Walk a Mile in My Issues

Tales from the "Challenging" Side of Parenting


Walk a Mile in My Issues


You know that list of “Children’s Book Titles You’ll Never See?”

Well, here are some of our first thoughts on what we should call this blog:

“My Kid Did What?”

“Oh …. You’re Jimmy’s Mom ……………. “

“Why Jimmy Can Read, But Refuses To”

“Why Jimmy Can’t Spell … and Couldn’t Care Less”

“How to Deal with School Refusal — Wine, Xanax and … Oh wait, you meant the kids?”

“Homework is Two Four-Letter Words … and They Don’t Start with ‘H’ and ‘W'”

“Why Jimmy’s Teacher Takes a Lot of Vacations (and Why Jimmy’s Parents Can’t)”

“When You Grow Up, You’re Paying for my Face Lift and Hair Dye”

“I Just Keyed that ‘Mother of an Honor Roll Student’s’ Car! – Tales from the Dark Side of Parenting”

“If I Ever Tried Homeschooling, There Would Be Nothing Left But Claws and Fluff”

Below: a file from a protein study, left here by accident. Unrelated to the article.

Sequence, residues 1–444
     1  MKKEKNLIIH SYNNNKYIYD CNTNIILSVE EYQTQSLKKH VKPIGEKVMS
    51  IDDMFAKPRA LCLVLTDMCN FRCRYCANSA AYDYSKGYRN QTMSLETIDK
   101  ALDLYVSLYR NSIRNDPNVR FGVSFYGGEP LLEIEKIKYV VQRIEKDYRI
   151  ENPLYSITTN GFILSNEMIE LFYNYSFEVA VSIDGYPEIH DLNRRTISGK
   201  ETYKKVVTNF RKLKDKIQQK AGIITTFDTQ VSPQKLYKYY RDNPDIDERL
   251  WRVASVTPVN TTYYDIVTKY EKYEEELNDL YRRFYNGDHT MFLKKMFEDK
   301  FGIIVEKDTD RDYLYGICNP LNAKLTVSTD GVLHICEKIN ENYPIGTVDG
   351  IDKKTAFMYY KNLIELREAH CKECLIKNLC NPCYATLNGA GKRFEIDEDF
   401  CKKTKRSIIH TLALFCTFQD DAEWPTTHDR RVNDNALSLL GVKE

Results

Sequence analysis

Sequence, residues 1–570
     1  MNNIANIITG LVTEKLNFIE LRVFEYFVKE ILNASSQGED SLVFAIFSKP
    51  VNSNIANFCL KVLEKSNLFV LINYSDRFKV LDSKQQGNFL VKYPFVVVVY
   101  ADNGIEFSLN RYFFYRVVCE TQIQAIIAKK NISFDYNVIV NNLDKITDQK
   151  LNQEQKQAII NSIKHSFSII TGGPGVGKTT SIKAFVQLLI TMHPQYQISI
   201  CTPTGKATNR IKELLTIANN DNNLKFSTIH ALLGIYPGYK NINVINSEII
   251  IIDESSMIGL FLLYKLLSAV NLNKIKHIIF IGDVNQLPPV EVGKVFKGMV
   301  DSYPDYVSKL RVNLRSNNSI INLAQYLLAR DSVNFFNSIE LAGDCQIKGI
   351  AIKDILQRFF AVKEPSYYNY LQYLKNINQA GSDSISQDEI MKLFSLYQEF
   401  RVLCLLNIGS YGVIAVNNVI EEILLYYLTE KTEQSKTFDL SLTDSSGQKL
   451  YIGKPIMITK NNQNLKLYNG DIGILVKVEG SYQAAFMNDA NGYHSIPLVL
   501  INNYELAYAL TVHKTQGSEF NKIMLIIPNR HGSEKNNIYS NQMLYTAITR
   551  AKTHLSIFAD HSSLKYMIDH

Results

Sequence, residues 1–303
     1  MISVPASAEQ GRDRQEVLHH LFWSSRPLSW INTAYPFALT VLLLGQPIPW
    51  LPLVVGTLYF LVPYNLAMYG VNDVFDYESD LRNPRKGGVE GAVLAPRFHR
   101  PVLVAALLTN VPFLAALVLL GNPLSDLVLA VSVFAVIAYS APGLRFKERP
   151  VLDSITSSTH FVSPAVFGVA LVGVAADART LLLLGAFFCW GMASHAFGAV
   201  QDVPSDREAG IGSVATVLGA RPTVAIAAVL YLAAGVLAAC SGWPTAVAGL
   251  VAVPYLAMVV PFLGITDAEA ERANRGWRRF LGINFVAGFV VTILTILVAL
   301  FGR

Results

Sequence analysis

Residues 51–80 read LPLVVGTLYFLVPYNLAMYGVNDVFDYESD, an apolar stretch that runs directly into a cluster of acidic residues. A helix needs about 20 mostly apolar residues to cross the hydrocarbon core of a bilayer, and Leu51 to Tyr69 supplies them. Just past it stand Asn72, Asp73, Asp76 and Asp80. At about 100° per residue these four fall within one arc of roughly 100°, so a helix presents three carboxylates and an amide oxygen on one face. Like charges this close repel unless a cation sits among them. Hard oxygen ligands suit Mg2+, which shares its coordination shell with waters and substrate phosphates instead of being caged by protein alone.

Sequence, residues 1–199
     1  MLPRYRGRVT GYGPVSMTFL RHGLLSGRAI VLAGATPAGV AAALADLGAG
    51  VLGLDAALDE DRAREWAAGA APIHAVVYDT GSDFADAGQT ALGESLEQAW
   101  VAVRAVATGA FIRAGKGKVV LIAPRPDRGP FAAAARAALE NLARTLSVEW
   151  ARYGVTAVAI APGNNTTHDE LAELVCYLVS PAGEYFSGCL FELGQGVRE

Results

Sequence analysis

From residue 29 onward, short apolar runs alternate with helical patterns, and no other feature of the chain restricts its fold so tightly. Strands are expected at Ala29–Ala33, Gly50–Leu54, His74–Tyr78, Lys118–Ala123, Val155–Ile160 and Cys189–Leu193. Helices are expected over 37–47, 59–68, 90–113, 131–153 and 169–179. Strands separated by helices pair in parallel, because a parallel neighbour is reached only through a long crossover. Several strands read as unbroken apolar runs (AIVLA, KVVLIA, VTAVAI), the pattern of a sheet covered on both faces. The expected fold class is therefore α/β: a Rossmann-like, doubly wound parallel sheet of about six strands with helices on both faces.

“‘Gee, I Never Thought of That’ – Responses to ‘Helpful’ Parenting-Kids-with-Issues Advice (from People Who Haven’t Been There)  That You Have Already Tried a Million Times, But Thanks Anyway…”

“I’d Love To, But I Have to Pick Jimmy Up at the Police Station”

“Jimmy Who?”

But then we thought of what message we are really trying to promote. And who we are trying to reach.

This website is for the mom who understands every one of these fake titles above, and who may be laughing through her tears.

Yes, it’s hard … harder than anyone else can imagine unless they’ve been through it. Yes, you want to pull your hair out. Yes, you see the future telescoping out in front of you like the hallway in Poltergeist, and you think it will never get better. And yes, you will feel judged, you will feel alone, you will feel like a crappy parent, and you may even feel hopeless.